July 4: What Freedom Means For The Wrongly Incarcerated

innocent people in prison who are fighting for their freedom
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Photos: Innocence Project\John Jay

With July Fourth coming up, there’s likely going to be a lot of talk about freedom and its significance for different people. To me and to others who’ve been wrongly incarcerated, freedom has a deeply personal meaning.

Belynda Goff

I was incarcerated for more than 22 years for a crime I didn’t commit, and when I was in prison, I didn’t really have access to a mirror, so I didn’t see my face for a long time. So when I finally got home, one of the shocking things to me was finally seeing how my face had changed over the years.

Some people call these marks of aging on your face wrinkles, but not me. I call them battle scars because freedom comes at a fight, and that’s what I did for 22 years — fight for my freedom.

Take a moment to watch this video I filmed to hear what freedom means to me, someone who was wrongly incarcerated, and then share it with your friends on social media.

It was June 12, 1994, when my husband Stephen was murdered in our home while I was asleep with our 3-year-old son in the other room. When I found him, I immediately called 911, but it was too late.

A neighbor told police that she saw two men with baseball bats parked outside of our apartment the night before Stephen’s murder. My brother told police that my husband was involved in an arson scheme and was afraid that the other men involved might want to kill him. Despite all of this, I still became the main target of the investigation even though no physical evidence pointed to me.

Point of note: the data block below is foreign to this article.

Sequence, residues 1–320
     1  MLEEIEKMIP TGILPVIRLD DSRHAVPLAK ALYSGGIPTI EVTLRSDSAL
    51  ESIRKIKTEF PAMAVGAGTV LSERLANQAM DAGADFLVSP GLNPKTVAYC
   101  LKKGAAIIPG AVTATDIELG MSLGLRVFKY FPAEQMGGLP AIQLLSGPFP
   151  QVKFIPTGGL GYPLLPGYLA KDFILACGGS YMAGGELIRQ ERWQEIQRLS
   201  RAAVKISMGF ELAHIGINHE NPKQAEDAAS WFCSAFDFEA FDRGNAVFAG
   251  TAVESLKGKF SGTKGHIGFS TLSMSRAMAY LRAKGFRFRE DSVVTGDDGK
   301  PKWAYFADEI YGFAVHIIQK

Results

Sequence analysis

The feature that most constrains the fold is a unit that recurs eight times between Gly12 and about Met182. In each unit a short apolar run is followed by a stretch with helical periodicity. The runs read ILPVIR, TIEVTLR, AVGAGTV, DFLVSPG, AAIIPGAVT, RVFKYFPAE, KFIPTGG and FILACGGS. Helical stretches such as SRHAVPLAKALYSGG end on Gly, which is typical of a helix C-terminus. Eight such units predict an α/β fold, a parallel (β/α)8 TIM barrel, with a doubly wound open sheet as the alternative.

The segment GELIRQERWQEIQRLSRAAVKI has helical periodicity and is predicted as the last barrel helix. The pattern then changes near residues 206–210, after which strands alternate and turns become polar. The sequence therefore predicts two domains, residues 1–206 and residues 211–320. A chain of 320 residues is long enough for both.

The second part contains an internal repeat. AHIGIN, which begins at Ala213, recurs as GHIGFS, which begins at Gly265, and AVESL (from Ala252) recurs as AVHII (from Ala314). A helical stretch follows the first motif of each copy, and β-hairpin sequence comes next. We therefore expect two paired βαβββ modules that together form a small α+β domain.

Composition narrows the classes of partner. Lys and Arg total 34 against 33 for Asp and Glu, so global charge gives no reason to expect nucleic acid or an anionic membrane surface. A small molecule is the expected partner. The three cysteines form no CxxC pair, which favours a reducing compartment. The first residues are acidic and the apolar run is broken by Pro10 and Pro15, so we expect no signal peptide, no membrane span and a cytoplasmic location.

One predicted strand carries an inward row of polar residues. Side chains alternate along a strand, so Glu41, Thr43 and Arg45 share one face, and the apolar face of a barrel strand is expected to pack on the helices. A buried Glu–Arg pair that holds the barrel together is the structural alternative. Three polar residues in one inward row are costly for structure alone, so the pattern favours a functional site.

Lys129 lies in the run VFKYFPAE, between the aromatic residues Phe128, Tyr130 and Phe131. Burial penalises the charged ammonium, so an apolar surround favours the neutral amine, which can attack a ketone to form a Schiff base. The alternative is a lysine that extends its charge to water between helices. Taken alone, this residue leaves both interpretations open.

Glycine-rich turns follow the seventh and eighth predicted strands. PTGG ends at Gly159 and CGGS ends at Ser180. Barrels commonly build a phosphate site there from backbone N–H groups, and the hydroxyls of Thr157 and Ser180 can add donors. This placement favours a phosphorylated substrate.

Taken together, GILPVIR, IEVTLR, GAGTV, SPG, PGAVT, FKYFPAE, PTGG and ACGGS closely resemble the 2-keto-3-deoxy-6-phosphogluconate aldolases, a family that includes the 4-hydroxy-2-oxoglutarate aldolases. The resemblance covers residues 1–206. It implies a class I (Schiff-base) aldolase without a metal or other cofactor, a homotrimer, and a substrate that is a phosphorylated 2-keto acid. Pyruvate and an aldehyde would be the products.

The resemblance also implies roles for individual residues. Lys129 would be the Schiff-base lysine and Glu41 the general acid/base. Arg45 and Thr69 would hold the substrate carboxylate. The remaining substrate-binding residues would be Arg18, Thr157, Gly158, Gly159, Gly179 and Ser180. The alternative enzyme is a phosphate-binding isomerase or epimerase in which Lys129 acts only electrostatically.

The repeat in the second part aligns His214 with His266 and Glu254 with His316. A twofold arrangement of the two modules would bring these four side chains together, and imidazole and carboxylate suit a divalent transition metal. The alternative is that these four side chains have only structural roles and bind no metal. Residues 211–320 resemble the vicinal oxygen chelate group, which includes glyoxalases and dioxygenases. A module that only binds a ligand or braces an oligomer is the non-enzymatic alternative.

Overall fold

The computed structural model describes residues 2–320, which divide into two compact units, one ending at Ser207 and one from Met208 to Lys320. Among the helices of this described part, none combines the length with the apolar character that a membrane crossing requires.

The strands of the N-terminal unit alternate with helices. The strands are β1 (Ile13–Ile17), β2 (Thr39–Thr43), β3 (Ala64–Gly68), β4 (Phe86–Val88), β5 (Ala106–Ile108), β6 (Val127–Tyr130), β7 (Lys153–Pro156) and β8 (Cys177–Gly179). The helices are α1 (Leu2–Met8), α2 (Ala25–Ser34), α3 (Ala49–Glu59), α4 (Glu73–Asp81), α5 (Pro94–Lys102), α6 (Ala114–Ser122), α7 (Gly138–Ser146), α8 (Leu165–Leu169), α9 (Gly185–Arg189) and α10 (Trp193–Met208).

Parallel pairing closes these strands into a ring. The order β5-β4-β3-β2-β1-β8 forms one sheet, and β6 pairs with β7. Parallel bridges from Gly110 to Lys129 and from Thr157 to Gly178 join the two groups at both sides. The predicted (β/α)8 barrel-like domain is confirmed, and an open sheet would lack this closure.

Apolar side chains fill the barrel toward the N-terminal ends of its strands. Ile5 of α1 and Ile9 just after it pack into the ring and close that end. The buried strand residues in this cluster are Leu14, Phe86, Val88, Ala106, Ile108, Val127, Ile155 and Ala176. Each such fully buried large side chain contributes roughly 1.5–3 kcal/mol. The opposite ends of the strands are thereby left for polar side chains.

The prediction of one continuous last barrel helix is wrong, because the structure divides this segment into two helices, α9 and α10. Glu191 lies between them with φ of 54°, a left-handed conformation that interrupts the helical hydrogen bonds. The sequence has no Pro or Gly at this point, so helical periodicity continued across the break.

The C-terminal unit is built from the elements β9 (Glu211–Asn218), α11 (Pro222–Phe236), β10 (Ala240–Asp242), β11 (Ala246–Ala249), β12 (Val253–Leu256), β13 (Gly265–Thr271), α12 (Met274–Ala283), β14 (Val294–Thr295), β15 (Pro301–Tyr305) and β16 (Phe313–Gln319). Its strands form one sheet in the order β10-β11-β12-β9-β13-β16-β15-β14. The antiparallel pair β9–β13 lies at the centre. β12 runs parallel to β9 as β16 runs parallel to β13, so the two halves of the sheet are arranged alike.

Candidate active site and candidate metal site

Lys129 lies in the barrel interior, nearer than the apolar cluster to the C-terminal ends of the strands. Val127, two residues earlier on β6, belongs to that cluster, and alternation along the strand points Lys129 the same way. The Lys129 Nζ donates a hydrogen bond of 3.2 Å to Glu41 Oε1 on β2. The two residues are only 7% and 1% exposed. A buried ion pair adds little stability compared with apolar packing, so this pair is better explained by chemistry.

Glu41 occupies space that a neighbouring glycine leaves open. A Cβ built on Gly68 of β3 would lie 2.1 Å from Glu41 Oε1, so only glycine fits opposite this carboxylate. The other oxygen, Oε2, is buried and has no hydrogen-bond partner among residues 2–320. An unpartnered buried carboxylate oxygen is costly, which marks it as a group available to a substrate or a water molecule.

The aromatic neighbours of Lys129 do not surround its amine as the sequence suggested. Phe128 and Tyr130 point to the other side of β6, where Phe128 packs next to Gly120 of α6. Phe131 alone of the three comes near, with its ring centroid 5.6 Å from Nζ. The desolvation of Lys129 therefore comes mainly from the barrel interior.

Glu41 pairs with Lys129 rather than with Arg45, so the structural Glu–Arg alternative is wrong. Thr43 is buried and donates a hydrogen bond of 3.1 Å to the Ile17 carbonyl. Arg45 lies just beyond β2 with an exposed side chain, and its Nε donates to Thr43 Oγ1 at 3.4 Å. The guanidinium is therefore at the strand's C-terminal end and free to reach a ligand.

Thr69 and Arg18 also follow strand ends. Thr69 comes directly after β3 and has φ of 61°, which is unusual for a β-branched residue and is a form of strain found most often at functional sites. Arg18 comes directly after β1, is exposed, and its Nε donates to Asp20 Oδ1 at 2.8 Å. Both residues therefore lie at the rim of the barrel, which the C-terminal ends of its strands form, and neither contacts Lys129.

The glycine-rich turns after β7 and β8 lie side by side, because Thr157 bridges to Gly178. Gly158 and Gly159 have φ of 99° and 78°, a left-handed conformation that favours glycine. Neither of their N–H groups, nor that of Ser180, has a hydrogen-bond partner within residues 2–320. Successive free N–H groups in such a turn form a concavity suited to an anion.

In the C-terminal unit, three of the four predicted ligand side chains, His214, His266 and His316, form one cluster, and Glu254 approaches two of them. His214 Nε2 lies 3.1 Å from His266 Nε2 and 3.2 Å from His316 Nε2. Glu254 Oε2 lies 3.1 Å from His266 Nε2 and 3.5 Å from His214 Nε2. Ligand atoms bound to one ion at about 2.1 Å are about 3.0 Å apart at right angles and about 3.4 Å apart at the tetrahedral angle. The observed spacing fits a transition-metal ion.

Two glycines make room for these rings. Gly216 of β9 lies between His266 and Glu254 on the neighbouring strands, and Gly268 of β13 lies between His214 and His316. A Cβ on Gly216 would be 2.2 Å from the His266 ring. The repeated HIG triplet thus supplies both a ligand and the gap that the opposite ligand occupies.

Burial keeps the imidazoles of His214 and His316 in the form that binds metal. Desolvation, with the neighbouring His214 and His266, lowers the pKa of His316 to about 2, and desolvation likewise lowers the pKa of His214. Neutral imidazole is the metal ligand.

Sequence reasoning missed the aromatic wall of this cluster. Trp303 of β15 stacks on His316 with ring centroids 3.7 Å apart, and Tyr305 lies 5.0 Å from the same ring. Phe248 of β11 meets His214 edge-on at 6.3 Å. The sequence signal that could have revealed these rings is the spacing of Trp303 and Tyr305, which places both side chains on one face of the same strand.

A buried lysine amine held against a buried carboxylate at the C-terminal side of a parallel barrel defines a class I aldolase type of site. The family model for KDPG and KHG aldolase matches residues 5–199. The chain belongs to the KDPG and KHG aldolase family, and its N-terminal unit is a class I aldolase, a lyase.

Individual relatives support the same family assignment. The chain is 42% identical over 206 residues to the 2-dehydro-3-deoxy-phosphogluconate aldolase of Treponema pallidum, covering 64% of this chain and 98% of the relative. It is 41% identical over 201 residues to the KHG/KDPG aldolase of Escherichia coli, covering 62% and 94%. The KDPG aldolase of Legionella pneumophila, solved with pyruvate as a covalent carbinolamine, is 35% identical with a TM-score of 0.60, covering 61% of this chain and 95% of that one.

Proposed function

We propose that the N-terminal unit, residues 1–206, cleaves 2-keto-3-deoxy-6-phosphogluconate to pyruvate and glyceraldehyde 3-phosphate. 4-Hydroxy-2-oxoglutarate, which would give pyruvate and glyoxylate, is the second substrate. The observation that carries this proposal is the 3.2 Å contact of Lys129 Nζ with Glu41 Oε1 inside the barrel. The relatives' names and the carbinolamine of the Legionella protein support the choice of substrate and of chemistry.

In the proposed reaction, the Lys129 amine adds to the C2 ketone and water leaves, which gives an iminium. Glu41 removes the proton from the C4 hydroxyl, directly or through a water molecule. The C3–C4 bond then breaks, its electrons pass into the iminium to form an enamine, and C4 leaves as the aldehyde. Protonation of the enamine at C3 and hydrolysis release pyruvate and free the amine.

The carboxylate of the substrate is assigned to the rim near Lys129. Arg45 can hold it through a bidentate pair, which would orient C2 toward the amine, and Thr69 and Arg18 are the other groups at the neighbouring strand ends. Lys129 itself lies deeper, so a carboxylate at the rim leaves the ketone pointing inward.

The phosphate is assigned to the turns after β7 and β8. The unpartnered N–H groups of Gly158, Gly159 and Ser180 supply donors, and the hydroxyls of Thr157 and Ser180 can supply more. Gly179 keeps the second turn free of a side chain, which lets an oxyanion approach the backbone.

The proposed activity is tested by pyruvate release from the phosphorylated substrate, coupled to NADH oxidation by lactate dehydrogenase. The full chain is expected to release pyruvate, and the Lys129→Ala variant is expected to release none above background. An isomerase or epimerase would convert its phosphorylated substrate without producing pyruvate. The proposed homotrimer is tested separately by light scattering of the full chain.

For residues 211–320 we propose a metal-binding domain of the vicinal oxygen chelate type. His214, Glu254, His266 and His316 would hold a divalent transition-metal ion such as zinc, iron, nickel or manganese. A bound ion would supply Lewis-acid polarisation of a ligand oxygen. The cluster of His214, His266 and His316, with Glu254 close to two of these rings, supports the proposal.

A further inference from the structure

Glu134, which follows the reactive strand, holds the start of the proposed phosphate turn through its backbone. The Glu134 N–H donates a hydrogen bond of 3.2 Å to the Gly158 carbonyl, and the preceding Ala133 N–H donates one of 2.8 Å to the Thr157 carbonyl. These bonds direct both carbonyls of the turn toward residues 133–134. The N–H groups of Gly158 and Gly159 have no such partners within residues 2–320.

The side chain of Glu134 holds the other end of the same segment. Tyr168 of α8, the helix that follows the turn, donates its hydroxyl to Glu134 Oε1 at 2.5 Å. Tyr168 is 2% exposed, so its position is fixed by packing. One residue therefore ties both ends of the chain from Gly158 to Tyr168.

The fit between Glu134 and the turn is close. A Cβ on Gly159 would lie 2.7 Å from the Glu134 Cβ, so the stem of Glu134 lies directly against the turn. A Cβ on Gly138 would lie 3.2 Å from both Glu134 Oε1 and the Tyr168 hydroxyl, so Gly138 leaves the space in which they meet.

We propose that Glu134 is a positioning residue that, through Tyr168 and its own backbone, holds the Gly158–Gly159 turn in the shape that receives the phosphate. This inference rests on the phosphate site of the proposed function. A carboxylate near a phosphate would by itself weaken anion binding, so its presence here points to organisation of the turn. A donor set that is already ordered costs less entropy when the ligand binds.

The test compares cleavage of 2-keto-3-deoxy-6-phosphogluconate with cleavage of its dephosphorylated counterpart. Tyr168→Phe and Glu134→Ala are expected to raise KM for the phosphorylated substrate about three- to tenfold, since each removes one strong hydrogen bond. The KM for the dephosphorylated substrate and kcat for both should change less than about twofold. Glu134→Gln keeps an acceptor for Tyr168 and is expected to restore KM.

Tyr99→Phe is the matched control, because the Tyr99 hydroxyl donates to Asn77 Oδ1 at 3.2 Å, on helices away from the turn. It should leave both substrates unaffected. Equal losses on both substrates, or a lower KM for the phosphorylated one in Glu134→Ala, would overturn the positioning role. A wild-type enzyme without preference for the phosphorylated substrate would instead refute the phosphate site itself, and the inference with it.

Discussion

Two years after losing Stephen, I was wrongly convicted of first-degree murder and sentenced to life in prison. I ended up spending more than 22 years in prison for a crime I didn’t commit before finally being released after a Carroll County judge recognized I’d likely be acquitted if I had a new trial.

While I’m glad to be out of prison, I know I’ll never get back those 22 years that were stolen from me. I’ll never be able to make up for the memories I lost with my children — so many missed birthdays, holidays, and celebrations. But now, I celebrate my freedom every day with an attitude of gratitude. When I feel the breeze in my hair and the sun on my skin, I’m reminded not to take one second for granted because I know how quickly freedom can be stripped away.

So while you’re celebrating the Fourth this weekend, I’m asking you to think about all of those innocent people in prison who are fighting for their freedom — watch my video right now and then share it online.

Thank you so much!

Belynda Goff was freed in 2019.

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